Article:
Welcome to Scheck Hillel's Leadership & Learning Blog: a digital platform for Grade 6-12 students to document their personal journeys of learning as our rising generation of creators, innovators and leaders.Throughout the year, students post about innovations within topics like STEM, social entrepreneurship, community collaboration, creative design and, overall, tikkun olam to better our world. To submit a post, please email Mr. Craig Carpentieri, Chief Academic Officer.
Written by Jonathan Abbo, Grade 10
What is happiness? To most, it would seem that happiness is a sentiment that comes with significant superficial personal gains. To Tal Ben-Shahar, the former professor of Positive Psychology at Harvard University, happiness is solely a conglomeration of choices made throughout one’s life. Dr. Ben-Shahar postulates that each and every decision one makes affects their happiness in one way or another. In essence, he says, the five major decisions that are responsible for dictating one’s happiness are:
1. Allowing oneself to be human and make mistakes
2. Showing gratitude
3. Cultivating healthy relationships (and understanding that there is no replacement for real, intimate human interaction)
Written by David Lechter, Grade 9
One day after the beginning of the school year, Ms. Jessica Best, our Earth Space Science teacher, proposed a project idea to Grade 8 and 9 students. It was to build a full Oregon Scientific Weather Station, which contains sensors that can provide useful information about the weather and environment.
The students who committed to this project were Joshua Schmutter (Grade 9), Tanya Almog (Grade 8), Shira Rodrig (Grade 8), Gaby Bonwitt (Grade 8), Denise Yudowitch (Grade 8), and David Lechter (Grade 9). Ms. Best and Mr. Craig Carpentieri (Scheck Hillel’s Chief Academic Officer) were kind enough to help us through the process whenever we had a question or issue. These students had to sacrifice their time to complete this project, and it was …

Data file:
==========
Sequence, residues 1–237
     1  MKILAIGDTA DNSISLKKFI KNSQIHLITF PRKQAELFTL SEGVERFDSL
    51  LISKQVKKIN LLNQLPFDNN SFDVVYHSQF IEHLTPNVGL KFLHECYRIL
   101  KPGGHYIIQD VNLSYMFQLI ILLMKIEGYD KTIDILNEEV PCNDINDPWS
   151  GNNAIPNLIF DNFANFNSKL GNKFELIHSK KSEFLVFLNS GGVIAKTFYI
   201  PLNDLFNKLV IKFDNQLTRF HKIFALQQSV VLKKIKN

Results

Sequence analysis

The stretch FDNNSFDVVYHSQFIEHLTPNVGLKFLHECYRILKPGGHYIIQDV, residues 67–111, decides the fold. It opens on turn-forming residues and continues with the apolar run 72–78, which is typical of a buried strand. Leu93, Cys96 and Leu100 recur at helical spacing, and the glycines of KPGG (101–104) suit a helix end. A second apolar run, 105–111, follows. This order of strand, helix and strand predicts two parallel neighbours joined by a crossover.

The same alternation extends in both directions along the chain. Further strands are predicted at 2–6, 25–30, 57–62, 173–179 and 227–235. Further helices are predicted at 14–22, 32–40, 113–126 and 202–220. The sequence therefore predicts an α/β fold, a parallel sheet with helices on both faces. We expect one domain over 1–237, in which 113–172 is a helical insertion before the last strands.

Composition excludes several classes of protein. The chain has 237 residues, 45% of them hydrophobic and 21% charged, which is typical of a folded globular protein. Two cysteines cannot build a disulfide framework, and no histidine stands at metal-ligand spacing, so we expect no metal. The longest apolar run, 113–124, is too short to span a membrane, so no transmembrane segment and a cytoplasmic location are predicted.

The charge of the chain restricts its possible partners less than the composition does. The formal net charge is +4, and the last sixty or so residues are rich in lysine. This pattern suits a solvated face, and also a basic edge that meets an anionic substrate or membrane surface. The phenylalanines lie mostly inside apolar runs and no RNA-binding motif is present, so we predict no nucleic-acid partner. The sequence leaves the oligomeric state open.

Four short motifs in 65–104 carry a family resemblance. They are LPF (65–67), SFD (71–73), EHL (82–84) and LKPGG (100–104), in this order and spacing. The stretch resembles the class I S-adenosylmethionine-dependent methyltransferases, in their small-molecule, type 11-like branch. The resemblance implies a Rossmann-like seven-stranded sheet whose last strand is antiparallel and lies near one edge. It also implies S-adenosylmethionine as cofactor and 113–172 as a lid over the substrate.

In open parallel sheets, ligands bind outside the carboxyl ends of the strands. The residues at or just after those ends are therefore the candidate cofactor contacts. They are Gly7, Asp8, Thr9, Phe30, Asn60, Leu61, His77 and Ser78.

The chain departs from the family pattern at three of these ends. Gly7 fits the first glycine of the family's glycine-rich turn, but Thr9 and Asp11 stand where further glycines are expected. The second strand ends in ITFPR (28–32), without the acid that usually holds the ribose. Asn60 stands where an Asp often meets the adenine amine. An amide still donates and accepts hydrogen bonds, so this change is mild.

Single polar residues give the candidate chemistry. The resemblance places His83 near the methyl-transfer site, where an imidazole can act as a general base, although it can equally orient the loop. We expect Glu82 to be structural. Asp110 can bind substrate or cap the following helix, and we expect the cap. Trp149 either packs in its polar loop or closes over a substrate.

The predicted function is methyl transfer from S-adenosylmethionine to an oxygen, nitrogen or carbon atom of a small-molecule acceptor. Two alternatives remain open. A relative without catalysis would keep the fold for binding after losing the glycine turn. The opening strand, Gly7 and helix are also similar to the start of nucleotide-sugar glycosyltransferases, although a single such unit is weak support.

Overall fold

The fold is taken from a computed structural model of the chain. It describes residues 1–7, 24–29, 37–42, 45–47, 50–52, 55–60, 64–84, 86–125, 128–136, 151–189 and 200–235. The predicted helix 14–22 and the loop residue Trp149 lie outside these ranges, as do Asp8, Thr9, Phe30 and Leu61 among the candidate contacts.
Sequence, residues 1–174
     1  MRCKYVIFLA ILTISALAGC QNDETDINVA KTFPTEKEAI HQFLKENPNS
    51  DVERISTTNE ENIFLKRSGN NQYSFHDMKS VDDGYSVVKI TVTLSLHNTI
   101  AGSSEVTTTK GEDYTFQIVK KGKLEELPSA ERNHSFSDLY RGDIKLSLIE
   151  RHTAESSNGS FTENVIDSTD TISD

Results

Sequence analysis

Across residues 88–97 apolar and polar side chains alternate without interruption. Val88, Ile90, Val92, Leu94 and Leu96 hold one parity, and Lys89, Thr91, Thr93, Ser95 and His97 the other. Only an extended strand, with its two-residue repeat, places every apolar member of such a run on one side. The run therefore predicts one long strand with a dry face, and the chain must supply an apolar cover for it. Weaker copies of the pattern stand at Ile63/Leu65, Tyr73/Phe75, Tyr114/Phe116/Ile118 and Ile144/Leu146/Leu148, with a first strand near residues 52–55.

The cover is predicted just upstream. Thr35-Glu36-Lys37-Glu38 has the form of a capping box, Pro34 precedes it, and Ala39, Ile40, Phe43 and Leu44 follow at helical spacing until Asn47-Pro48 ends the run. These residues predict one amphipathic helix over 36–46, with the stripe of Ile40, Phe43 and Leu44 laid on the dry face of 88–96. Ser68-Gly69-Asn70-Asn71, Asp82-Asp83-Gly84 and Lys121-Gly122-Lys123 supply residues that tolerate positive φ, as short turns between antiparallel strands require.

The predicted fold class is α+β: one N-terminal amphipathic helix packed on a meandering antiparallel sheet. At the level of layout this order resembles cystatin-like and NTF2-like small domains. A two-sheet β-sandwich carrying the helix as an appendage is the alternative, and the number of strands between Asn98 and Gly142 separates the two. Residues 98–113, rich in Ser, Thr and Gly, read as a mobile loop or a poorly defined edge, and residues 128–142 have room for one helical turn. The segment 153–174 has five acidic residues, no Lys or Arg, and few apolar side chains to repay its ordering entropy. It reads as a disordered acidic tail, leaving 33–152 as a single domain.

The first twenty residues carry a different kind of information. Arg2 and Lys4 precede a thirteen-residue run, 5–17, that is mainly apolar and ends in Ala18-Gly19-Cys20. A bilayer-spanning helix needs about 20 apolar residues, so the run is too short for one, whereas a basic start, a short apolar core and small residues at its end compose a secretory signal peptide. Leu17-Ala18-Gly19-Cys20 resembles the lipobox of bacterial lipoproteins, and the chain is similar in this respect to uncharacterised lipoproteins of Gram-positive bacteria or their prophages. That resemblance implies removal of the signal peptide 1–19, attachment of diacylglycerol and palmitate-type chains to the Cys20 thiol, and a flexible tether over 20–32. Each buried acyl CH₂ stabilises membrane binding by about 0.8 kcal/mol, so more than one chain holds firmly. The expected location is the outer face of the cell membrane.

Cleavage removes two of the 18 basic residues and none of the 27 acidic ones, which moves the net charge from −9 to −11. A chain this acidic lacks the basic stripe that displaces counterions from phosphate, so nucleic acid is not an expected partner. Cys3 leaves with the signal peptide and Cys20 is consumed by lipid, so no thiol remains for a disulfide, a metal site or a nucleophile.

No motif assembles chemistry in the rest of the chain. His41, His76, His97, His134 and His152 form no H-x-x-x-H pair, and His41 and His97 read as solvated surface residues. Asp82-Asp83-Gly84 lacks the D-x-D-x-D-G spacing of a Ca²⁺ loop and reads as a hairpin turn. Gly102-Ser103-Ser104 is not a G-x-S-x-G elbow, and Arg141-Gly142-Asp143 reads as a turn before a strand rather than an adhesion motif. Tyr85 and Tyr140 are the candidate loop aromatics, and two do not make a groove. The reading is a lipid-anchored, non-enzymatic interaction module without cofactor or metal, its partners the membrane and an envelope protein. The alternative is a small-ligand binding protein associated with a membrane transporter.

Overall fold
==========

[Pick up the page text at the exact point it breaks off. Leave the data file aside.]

Rachelle Murciano, Grade 11
Ever since I was little, I loved to play soccer. My mom was raised in Ecuador, so most of my family lives there. Every time I would go, I would see little kids my age working, selling newspapers or candy in the streets. This broke my heart because I didn’t think that it was fair that these kids were not getting the childhood they rightfully deserved. Three years ago, I created a soccer summer camp for underprivileged girls aged 8-12 in Quito called CAFUNIT. I found that this camp was a way to combine my love for soccer as well as my passion for helping out in the community. I partnered with a non-profit organization serving girls, and raised funds by selling raffle tickets and receiving donations through GoFundMe. The money raised went to buying uniforms,…
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